More than 50 years have passed since three teenage girls disappeared in Tucson.
And the story that a young Richard Bruns would tell police back then would take some of the city’s innocence while also putting it in a harsh national spotlight.
Bruns had been friends with Charles H. Schmid, a well-mannered and charismatic 23-year-old who associated with teenagers and turned out to be a killer.
It was Bruns who told authorities that his friend Schmid had shown him where two of the girls, who Schmid had killed, could be found.
Bruns helped police find the bodies of the two sisters and testified against Schmid.
By 1966, Schmid was known as the “Pied Piper of Tucson” and had been tried and convicted for the murders of sisters Gretchen and Wendy Fritz. He was later convicted of murdering Alleen Rowe in 1964.
Schmid pointed the finger back at Bruns, saying he was the killer, an accusation many appeared to believe.
Schmid was interviewed about the murders and his life analyzed, but no one outside of law enforcement asked Bruns his side of the story.
He’s telling it now.
After the trials ended and Schmid was convicted, Bruns wrote what he knew of the sordid tale and then stuffed it in a box.
Years later, two of Bruns’ daughters, Lisa Espich and Leah Bruns, were helping their mother go through boxes of old papers and found their father’s story.
The twin sisters knew that their father was involved in the Charles Schmid case back in the 1960s and that he was the one who went to the police, but they didn’t know the details.
Lisa read it right away. Leah wasn’t quite ready to read it then, but they suggested to their father that he publish the manuscript. He declined, not wanting to dredge it up again.
Bruns put it in a closet and thought perhaps he had thrown it away. Years later while helping him move, Leah found the manuscript again and gave it to Lisa for safekeeping. This time they were able to convince Bruns that it was time his story was told. His book, “I, a Squealer,” will be published next month.
The book is an often chilling account of the story of the “Pied Piper of Tucson” from the point of view of an insider.
Life was difficult for Bruns after the trial.
Some apparently believed Schmid’s stories that Bruns was the killer and some called him a rat and finger man. He had trouble getting and keeping a job because of the notoriety surrounding the case.
In a recent interview Bruns gave an example: “I went to a pawn shop to pawn something because I wasn’t working, and the guy said, ‘Are you the Richard Bruns we’ve all been reading about?’ I said, ‘Yeah,’ and he said, ‘I don’t want to do business with you.’”
Bruns said that once he was playing pool with his brother at a bowling alley on South Alvernon Way. “At the table next to us was somebody I recognized had gone to prison; he was a big dude and I thought, ‘Oh my God, I’m in trouble.’ Then he shot a couple balls and said, ‘How you doing, Richard,’ and he was friendly as hell.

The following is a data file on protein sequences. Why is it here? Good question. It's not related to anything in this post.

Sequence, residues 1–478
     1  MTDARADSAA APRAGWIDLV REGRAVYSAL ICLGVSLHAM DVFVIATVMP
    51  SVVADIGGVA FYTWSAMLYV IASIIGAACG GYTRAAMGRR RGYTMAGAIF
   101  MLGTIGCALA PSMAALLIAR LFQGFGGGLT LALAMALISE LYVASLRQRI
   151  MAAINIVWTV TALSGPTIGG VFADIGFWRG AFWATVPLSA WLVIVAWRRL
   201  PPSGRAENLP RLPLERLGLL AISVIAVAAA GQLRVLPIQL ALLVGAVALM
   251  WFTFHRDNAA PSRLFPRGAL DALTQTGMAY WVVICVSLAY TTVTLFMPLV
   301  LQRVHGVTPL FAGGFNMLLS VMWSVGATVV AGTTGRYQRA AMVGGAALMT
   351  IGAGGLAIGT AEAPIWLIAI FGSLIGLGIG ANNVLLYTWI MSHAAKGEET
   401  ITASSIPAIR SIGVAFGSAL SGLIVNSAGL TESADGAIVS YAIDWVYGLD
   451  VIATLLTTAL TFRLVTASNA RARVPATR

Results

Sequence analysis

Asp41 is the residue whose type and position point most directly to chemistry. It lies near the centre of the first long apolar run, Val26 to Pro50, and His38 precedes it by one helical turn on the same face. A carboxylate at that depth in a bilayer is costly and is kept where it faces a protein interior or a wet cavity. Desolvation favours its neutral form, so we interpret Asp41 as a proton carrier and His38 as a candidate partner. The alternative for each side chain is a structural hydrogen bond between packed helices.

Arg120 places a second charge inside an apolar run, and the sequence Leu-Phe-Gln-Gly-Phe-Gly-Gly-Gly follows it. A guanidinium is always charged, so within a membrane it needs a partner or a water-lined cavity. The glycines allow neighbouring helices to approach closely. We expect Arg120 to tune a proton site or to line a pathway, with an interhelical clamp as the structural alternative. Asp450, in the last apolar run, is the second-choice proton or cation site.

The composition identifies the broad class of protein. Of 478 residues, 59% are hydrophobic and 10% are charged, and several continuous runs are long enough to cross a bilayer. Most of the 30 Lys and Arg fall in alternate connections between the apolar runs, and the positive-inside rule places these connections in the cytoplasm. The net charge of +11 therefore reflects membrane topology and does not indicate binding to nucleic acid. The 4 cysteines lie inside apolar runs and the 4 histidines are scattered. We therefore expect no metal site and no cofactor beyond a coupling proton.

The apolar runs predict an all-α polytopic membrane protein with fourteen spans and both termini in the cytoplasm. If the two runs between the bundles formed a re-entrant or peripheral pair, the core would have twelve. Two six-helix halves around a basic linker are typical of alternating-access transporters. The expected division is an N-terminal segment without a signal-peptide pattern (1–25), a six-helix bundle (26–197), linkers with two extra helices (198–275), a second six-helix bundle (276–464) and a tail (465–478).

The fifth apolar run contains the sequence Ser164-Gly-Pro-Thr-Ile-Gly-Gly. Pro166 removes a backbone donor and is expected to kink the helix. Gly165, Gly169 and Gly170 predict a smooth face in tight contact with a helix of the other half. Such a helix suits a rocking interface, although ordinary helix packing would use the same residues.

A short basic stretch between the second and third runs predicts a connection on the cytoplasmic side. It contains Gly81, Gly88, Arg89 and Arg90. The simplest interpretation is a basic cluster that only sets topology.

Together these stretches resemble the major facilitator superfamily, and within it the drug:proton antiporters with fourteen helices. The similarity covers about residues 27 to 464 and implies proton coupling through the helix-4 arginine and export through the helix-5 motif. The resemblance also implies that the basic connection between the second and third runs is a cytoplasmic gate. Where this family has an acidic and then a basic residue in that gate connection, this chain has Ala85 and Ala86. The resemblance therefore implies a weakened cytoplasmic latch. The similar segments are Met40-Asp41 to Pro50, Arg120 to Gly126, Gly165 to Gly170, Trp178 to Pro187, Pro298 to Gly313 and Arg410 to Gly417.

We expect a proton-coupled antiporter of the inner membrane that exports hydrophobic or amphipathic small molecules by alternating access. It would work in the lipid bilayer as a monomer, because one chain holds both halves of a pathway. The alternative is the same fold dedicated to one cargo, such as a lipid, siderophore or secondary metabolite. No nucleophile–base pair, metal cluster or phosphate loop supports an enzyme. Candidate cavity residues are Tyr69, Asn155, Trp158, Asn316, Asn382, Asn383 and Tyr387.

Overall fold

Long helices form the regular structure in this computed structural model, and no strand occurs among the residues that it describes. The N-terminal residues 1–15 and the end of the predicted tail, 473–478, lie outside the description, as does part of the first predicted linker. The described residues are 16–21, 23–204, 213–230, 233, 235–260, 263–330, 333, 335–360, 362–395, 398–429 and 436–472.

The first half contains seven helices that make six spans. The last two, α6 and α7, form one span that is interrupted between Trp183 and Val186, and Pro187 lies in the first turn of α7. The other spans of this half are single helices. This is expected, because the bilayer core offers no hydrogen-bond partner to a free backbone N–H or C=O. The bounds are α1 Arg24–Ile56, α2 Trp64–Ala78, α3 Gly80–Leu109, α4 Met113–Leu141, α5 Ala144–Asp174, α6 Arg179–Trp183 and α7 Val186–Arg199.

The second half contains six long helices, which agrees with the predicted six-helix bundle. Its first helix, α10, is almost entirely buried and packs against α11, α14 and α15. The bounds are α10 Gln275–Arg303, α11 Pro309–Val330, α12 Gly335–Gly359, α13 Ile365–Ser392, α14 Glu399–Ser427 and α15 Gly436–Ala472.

“So here was somebody who was in prison and lived by a strict ‘you don’t squeal’ code and he recognized the difference between squealing on somebody for stealing a candy bar and squealing on somebody who was out there killing girls. It was quite a different thing. But your average high school kids who grew up with things and had these wonderful jobs, they’d drive by my house and throw stuff and yell derogatory things, mainly about being a rat.”
Perhaps one reason people didn’t trust Bruns was that he didn’t turn Smitty in immediately when he bragged that he had killed Alleen Rowe. But Bruns said he had no proof.
After he knew about the Fritz girls, Bruns became obsessed with the idea that Smitty would kill Kathy Morath, a girl Bruns had dated. Bruns began stalking her with the idea that Smitty couldn’t kill her while Bruns was watching her.
Kathy’s parents took Bruns to court. He was ordered by a judge to move to Columbus, Ohio, for six months to live with his grandmother.
Within a few days of arriving in Ohio, Bruns called the FBI and turned Smitty in for the murders.
“Once I turned him in, I never went down her street again in my life,” Bruns says of Kathy. He no longer needed to protect her.
Bruns stayed in Tucson with his wife and daughter. The twin daughters followed. After Bruns and his wife divorced, he went to the University of Arizona, graduated cum laude and became a teacher. He was in his 30s by then.
Bruns, now in his 70s, is finally telling his story because he said he is tired of the way books and movies have portrayed him as a loose cannon who could be capable of anything, especially after his stalking of Kathy. He says he doesn’t even recognize himself in these portrayals.
Bruns wrote his story after the trials to keep the details fresh in his mind at the time. He has not read the manuscript since. His daughter, Lisa Espich, was the driving force behind getting the book published. She wants her father’s story told in his words to set the record straight.
Contact Johanna Eubank at email@example.com